Euastacus rieki 

Scope: Global
Language: English

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Taxonomy [top]

Kingdom Phylum Class Order Family
Animalia Arthropoda Malacostraca Decapoda Parastacidae

Scientific Name: Euastacus rieki Morgan, 1997

Assessment Information [top]

Red List Category & Criteria: Endangered B1ab(iii) ver 3.1
Year Published: 2010
Date Assessed: 2010-06-01
Assessor(s): Coughran, J., Furse, J. & Lawler, S.
Reviewer(s): Collen, B. & Richman, N.
Contributor(s): Livingston, F., Livingston, F., Soulsby, A.-M., Batchelor, A., Dyer, E., Whitton, F., Milligan, H.T., Smith, J., Lutz, M.L., De Silva, R., McGuinness, S., Kasthala, G., Jopling, B., Sullivan, K. & Cryer, G.
Euastacus rieki has been assessed as Endangered under criterion B1ab(iii). This species has an estimated extent of occurrence of  322 km2, and a severely fragmented distribution owing to large areas of unsuitable habitat. There is a known decline in the quality of this species' habitat as a result of habitat modification for agriculture and a hydro-electric scheme. There are also a number of other potential and anticipated threats including predation by exotic species, and temperature increase due to climate change. Given this species' small range, further research is urgently required to determine key habitat requirements, along with monitoring of population trends and a better understanding of the main threats to this species habitat. This information is imperative to understand the necessary conservation measures required for this species.

Geographic Range [top]

Range Description:This species is endemic to Australia. It is found in New South Wales within the vicinity of the Snowy Mountains (around Mount Kosciusko), north to Kiandra and Yarrangobilly, southwest of the Australian Capital Territory (Morgan 1997). It is restricted to highland sites above 560 m, and usually above 1,000 m above sea level; it has been found as high as 1,520 m (J. Coughran and J.M. Furse pers. comm. 2009). Its narrow distribution thus incorporates highland reaches of streams in several different drainages, including the Snowy, Murray and Murrumbidgee rivers, thus its range can be considered as severely fragmented due to the barrier effects of mountain ridges and unsuitable habitat of the intervening lowlands (Morgan 1997, Ponniah and Hughes 2006). This species has an estimated extent of occurrence of  approximately 322 km2.
Countries occurrence:
Australia (Australian Capital Territory, New South Wales)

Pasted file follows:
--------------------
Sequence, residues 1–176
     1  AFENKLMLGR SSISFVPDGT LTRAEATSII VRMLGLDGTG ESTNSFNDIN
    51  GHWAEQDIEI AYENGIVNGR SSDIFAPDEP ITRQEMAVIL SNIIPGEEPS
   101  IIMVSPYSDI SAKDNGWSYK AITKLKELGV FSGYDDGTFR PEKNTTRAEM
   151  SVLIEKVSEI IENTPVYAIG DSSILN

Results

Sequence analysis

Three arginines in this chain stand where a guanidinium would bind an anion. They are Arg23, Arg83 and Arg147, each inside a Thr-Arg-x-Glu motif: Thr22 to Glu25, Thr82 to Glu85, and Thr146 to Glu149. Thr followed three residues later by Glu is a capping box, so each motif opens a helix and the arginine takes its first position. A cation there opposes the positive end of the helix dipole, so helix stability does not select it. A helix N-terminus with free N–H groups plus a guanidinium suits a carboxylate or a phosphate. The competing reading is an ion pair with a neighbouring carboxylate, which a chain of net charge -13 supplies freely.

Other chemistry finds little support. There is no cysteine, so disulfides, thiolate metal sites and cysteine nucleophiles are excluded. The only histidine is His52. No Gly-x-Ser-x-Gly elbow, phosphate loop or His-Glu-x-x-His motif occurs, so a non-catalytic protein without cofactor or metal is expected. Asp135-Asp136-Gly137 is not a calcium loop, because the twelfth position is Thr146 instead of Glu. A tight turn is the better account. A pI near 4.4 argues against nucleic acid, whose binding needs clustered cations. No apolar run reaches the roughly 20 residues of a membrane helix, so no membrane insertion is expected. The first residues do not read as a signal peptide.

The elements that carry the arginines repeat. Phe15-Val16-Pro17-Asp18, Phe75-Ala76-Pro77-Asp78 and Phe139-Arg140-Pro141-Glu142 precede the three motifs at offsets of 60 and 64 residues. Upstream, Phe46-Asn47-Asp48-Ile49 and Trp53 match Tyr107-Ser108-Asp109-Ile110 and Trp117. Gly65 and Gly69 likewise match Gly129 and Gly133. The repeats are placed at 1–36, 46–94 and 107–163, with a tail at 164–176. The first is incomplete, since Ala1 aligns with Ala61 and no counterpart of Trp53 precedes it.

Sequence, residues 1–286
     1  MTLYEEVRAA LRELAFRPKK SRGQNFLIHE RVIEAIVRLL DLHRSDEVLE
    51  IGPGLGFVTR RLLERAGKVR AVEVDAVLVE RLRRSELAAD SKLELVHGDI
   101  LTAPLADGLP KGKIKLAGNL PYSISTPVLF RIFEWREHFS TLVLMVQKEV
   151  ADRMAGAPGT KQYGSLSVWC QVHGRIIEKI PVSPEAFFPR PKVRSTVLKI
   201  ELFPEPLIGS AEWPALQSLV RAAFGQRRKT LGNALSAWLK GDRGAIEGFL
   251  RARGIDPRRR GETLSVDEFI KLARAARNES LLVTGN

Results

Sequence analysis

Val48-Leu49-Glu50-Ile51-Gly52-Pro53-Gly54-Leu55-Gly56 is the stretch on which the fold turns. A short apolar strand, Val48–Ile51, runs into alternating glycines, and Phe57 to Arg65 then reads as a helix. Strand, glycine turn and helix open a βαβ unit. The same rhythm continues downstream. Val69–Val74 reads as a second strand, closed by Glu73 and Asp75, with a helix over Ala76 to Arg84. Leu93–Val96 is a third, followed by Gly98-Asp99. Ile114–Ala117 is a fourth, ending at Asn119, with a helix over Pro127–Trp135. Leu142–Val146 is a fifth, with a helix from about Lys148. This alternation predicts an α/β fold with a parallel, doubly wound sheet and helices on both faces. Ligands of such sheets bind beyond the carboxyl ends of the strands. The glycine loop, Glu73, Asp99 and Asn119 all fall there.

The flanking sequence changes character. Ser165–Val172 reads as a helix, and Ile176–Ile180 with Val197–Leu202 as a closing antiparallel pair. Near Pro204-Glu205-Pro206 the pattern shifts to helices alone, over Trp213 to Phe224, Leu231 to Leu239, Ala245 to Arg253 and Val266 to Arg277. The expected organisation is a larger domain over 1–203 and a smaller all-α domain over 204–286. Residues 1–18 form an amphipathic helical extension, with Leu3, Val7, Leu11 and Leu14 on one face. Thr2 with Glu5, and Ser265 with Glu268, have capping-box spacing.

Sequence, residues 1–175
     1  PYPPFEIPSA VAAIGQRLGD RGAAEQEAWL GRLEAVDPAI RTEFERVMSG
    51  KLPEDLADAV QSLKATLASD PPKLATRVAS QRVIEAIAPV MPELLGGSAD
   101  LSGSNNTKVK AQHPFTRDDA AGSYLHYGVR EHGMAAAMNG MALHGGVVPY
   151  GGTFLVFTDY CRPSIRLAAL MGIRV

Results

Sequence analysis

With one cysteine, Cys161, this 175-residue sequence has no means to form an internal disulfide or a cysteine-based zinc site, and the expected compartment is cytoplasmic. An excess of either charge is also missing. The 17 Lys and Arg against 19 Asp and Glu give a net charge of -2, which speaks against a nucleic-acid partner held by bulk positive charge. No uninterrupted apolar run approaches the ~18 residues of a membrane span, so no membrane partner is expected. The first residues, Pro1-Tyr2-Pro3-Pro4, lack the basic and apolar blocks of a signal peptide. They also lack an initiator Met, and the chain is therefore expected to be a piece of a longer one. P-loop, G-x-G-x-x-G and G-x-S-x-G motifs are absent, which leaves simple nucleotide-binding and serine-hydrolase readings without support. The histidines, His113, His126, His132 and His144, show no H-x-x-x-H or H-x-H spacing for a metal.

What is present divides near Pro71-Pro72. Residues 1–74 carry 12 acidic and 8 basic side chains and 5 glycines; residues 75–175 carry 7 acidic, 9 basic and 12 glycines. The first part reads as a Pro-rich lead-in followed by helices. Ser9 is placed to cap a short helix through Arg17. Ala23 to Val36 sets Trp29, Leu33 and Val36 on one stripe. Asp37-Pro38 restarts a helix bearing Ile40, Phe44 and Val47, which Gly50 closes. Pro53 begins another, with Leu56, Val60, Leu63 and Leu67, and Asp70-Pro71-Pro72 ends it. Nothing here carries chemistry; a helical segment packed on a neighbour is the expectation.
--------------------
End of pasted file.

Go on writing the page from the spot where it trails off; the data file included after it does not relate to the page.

Additional data:
Range Map:Click here to open the map viewer and explore range.

Population [top]

Population:There is no population information available for this species (J. Coughran and J.M. Furse pers. comm. 2009)
Current Population Trend:Unknown
Additional data:
Population severely fragmented:No

Habitat and Ecology [top]

Habitat and Ecology:This species is found in creeks and streams, but is more commonly associated with bogs (ACT Government 2007). Shade on the streams is moderate to poor, and water is clear with very little algal growth, while the riparian vegetation consists of dry sclerophyll forest, heath or tussock grass (Morgan 1997). This species is found under rocks and in burrows in the stream beds, and the preferred substrate is largely gravel with some loose rocks (Morgan 1997). 

Threats [top]

Major Threat(s): Habitat modification is the main threat to this species; its habitat has been impacted by agriculture, burning, river regulation and in-stream structures, such as the Snowy River Hydroelectric Scheme (O'Brien 2007). Other potential large-scale threats include predation by exotic fishes such as Brown Trout, which are prevalent throughout the region (Davies and McDowall 1996). Other exotic species such as cats, foxes, pigs and goats have generally been found to impact on crayfish (Green and Osbourne 1981, Horwitz 1990, Merrick 1995, Eyre et al. 1997, ACT Government 2007, O'Brien 2007) and also occur in this species range (DEH 2004a,c,d,e).

This species may also be affected by climate change. Climate change poses a threat through increased temperatures, altered hydrological regimes and severe weather events (Chiew and McMahon 2002, Howden 2003, Hughes 2003, Pittock 2003, Hennessy 2006, Westoby and Burgman 2006, IPCC 2007). Climate change modelling predicts that southeastern mainland Australia will experience a warmer and drier climate, leading to decreased run-off and soil moisture (Chiew and McMahon 2002, Howden 2003).

Conservation Actions [top]

Conservation Actions:

There are no species specific conservation measures in place for this species, however its distribution range coincides the Kosciuszko National Park. Research should be initiated to include population assessment and monitoring, biological and life history information, habitat requirements, investigations into thermal tolerance, resilience to exotic species. Given that E. rieki is the highest altitude species of crayfish in Australia, further exploration of its aquatic requirements is warranted. In particular, closer examination of bogs may increase understanding of its alpine ecology.


In New South Wales and Victoria, a minimum recreational size limit of 90mm OCL is in place for any spiny crayfish (DPI 2007; NSW DPI 2007). Euastacus rieki does not attain that size, and so is indirectly protected by this restriction. Apart from a ban on Euastacus armatus, there are no recreational fishing regulations in the Australian Capital Territory (TAMS 2007).


Citation: Coughran, J., Furse, J. & Lawler, S. 2010. Euastacus rieki. The IUCN Red List of Threatened Species 2010: e.T153706A4534633. . Downloaded on 19 September 2018.
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